Retail Power Making Or Breaking The Brand

Brian Moore

With 10% of a suppliers sales and profits accounted for by a brand, and a retail customer producing 10% of sales and profits, it is perhaps wise to treat the two as equally important business units, while preserving brand integrity. In other words, the brand has to be sacrosanct. So much for the sales director's problems The real issue for brand owners and agencies is that as the grocery trade becomes more polarised and powerful, major retailers are now in a position to concentrate, or dilute, the brand message, depending upon whether or not they see a complementary relationship between brand-message and store-message.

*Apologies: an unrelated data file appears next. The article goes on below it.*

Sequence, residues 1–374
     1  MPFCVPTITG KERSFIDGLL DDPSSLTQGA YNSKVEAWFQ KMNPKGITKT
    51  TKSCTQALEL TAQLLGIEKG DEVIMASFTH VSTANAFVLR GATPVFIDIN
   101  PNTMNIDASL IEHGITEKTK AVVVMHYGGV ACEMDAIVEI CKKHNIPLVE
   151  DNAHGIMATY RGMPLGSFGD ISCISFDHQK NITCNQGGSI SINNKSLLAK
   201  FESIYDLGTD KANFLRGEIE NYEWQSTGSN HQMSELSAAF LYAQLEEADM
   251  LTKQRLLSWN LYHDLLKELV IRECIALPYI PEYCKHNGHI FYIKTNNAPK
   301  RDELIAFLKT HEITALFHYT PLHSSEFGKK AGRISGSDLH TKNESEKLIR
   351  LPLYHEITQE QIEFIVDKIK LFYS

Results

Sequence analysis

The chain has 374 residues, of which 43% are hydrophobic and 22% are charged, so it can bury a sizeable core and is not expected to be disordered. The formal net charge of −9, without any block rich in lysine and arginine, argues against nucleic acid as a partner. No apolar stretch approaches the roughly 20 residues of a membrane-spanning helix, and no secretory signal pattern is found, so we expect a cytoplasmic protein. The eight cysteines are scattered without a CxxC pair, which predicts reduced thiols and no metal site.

Retail power

Wal-Mart, with a 44-year history of growing at over 20% Compound Annual Growth Rate (CAGR), producing a steady 20+% return on capital, has a database larger than that of the Pentagon, a workforce larger than US military forces, and a sales turnover of $256 billion that makes it 250% larger than any fmcg supplier.